We here at HorrorBid will be recommending one specific treasure for everyday of the month. The ultimate goal is mple; encourage the masses to seek out stellar films that fit the seasonal mold. While I’m certain plenty of our faithful readers will find some of these films predictable, or at the least familiar, we still feel as though a friendly reminder can go a long way towards renewed enjoyment.
On deck for October 24th, is a film that’s certainly more comedy than horror, Broken Lizard’s priceless hybrid, Club Dread. The film is jam packed with outlandish laughs and intentional clichés, but it’s got a fun dose of horror thrown in the mix. While, many would argue, I would conder the film to be one of the finest comedy-first-horror-second type films to ever be unveiled.
The gist: A psychopathic serial killer is stalking the unfortunate vacationers viting Coconut Pete's Coconut Beach Resort. As each employee (and a few strays) of the resort is picked off one by one by our mysterious killer, the inspiration behind the madness is unveiled, and the ultimate motive is absolutely beyond priceless.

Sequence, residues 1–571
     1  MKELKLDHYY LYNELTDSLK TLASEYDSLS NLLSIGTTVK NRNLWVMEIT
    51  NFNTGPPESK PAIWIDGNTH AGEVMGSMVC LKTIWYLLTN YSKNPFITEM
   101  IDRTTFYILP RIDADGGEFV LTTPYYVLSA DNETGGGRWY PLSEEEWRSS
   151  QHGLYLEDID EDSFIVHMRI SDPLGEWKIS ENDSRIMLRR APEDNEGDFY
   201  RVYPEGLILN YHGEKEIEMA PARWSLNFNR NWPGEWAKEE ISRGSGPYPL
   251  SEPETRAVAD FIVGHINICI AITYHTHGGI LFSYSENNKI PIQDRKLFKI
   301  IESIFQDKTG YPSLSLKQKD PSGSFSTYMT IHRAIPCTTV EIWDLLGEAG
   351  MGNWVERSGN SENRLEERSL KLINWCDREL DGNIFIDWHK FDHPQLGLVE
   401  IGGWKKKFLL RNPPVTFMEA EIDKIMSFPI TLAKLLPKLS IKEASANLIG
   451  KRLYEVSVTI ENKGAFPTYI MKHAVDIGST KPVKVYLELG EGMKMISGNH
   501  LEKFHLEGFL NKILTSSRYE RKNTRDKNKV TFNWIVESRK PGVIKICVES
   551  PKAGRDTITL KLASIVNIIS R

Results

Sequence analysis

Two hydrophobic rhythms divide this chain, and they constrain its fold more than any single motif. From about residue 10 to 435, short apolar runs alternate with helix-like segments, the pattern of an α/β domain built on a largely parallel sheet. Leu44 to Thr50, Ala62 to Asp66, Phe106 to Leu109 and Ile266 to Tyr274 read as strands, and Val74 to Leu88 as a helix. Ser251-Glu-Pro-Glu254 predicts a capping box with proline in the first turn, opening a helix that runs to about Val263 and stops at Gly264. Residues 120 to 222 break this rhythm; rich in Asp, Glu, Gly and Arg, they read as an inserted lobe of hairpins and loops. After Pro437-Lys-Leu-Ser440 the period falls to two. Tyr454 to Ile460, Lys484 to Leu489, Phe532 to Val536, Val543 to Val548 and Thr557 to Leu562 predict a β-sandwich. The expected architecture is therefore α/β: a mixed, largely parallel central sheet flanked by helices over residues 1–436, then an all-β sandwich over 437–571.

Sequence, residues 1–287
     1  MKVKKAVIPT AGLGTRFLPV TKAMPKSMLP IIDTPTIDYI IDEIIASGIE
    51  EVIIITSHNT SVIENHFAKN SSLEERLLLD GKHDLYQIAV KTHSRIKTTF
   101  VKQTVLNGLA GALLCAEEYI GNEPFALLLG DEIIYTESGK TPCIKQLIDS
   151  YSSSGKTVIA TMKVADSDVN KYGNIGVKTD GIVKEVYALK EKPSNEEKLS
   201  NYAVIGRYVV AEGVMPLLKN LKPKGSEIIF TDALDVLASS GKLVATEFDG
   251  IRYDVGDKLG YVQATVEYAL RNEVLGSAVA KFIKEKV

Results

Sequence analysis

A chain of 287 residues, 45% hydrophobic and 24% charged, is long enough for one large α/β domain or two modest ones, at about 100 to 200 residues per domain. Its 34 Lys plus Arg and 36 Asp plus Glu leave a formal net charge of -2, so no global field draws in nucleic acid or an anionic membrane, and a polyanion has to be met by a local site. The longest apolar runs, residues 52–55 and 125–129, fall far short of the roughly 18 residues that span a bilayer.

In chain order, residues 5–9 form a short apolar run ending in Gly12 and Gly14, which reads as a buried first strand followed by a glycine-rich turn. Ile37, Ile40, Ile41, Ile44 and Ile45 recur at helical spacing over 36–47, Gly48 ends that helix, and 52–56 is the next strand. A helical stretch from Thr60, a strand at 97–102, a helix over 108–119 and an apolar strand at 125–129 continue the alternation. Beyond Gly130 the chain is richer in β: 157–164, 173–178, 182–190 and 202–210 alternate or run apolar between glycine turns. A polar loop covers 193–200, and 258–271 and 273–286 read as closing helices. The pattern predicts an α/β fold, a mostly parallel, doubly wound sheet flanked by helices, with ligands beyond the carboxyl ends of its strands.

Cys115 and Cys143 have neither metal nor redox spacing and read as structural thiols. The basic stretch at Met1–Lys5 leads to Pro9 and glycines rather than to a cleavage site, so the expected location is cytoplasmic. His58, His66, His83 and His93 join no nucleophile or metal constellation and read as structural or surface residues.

If you like laughs with your guts, this flick is for you; it’s also one of the greatest beer accessories ever invented. The jokes are delivered with obvious winks (there are so many jokes centered around Coconut Pete and his career it’s almost obscene, but they never once get old), some of the slaughtering is fantastic, Bill Paxton is at his absolute best (believe it or not) and the Broken Lizard crew (look them up, if you’re unfamiliar with the comedy troupe) deliver the timeless performances fans have come to expect, without exception.
Club Dread may have been avoided by many genre followers due to the comedic dominance of the film, but there’s plenty of awesome horror right here. In fact, watching Club Dread really feels so much like watching countless ‘80’s slashers that attempted to take themselves serious that the irony almost feels like a tangible slap in the face; just hard enough to get your attention, before bursting into laughter at the eccentricity of it all, may I add.